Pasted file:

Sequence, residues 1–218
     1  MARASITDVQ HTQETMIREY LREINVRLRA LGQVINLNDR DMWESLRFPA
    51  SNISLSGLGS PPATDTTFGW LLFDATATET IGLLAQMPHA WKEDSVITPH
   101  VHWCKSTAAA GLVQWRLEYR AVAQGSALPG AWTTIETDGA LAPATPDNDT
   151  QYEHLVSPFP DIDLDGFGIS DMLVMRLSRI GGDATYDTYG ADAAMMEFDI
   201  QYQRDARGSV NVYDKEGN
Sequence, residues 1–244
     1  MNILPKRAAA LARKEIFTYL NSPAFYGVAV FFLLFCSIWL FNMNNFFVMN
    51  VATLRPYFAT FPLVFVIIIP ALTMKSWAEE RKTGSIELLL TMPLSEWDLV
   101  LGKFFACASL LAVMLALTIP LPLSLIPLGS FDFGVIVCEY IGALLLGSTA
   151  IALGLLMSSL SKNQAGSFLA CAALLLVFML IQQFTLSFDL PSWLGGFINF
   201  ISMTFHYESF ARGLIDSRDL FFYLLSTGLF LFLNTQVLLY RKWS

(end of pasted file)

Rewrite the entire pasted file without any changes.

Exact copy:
Sequence, residues 1–218
     1  MARASITDVQ HTQETMIREY LREINVRLRA LGQVINLNDR DMWESLRFPA
    51  SNISLSGLGS PPATDTTFGW LLFDATATET IGLLAQMPHA WKEDSVITPH
   101  VHWCKSTAAA GLVQWRLEYR AVAQGSALPG AWTTIETDGA LAPATPDNDT
   151  QYEHLVSPFP DIDLDGFGIS DMLVMRLSRI GGDATYDTYG ADAAMMEFDI
   201  QYQRDARGSV NVYDKEGN
Sequence, residues 1–244
     1  MNILPKRAAA LARKEIFTYL NSPAFYGVAV FFLLFCSIWL FNMNNFFVMN
    51  VATLRPYFAT FPLVFVIIIP ALTMKSWAEE RKTGSIELLL TMPLSEWDLV
   101  LGKFFACASL LAVMLALTIP LPLSLIPLGS FDFGVIVCEY IGALLLGSTA
   151  IALGLLMSSL SKNQAGSFLA CAALLLVFML IQQFTLSFDL PSWLGGFINF
   201  ISMTFHYESF ARGLIDSRDL FFYLLSTGLF LFLNTQVLLY RKWS